Last week, I was sure that my daughter, Kirstin, told me a lie. What she told me seemed very unlikely and I chewed her out for telling me a story. It wasn’t until several days later that I found out what she told me was not a lie at all.
Having to apologize is a very humbling experience. But Kirstin’s attitude through the whole thing made it even more humbling. When I called her a liar, she didn’t argue with me. She didn’t defend what she did or make excuses. In fact, she apologized. When it was my turn to say I was sorry, she was gracious and immediately forgiving. I spent some time thinking about this and it occurred to me that Kirstin was more concerned about my feelings than she was about being right.
I have often heard Dr. Phil ask a guest, “Do you want to be right or do you want to be happy?” Of course, everyone says they want to be happy, but they continue defending what they have been doing. “How is that working for you?” is the next question Dr. Phil asks. And of course they admit that it isn’t working.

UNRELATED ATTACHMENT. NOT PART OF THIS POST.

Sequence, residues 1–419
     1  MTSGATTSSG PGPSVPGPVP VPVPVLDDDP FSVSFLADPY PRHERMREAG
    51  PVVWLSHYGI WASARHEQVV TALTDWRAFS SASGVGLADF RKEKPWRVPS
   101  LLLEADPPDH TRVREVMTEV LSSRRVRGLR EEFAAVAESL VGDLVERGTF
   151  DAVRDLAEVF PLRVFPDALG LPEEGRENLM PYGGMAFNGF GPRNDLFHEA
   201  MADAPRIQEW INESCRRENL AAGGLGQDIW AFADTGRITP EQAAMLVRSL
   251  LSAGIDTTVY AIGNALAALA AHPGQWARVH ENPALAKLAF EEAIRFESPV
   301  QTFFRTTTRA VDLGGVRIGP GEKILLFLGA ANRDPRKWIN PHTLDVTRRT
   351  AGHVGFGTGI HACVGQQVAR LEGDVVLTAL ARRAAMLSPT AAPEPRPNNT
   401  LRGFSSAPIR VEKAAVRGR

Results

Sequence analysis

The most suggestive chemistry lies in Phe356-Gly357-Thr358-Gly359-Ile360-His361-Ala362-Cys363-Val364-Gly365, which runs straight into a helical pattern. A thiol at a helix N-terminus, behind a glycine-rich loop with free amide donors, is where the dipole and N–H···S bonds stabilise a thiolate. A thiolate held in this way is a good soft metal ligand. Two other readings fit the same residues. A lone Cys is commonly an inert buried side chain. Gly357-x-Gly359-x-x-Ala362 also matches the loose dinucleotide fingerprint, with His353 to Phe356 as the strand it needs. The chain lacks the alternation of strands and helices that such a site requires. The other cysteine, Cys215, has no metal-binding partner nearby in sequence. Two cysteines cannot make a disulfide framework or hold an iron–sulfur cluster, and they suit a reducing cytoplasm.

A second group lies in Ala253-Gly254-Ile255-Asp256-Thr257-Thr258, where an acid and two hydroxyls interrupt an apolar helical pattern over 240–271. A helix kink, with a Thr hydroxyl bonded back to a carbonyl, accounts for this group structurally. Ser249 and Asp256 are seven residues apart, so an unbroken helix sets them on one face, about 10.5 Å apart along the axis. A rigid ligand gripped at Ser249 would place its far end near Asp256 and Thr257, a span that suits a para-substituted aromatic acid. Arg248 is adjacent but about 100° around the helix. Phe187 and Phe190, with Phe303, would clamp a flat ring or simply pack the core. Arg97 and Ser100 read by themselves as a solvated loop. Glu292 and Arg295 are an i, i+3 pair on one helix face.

This makes me wonder why most of us seem to keep doing what we have always done and getting the results we always get, even when it isn’t working. I think I’m going to take a lesson from Kirstin and not worry so much about being right. Instead, I choose to be happy.
I’m hooked on the television series The Good Doctor. Dr. Shaun Murphy is a surgeon who has autism. In nearly every episode his “out of the box” thinking solves a problem that no one else can. Now there is a new chief surgeon who sees Dr. Murphy’s weaknesses more than his strengths and moved him from surgery to work in pathology. He is an excellent pathologist, but he wants to be a surgeon. Reluctantly, he goes to his new position and tries to make the best of it, but he can’t let go of the need to be a surgeon.
The previews for this week’s episode show the surgeons calling for Dr. Murphy to help with a problem in the operating room. I’m excited to see if the chief surgeon will re-evaluate his position and recognize Dr. Murphy’s special gifts. Will he admit that he was wrong?
We hear a lot of talk about diversity, tolerance and acceptance, but often we fall short when it comes to putting those beliefs into action. We have a lot to learn from those among us who see the world just a little differently.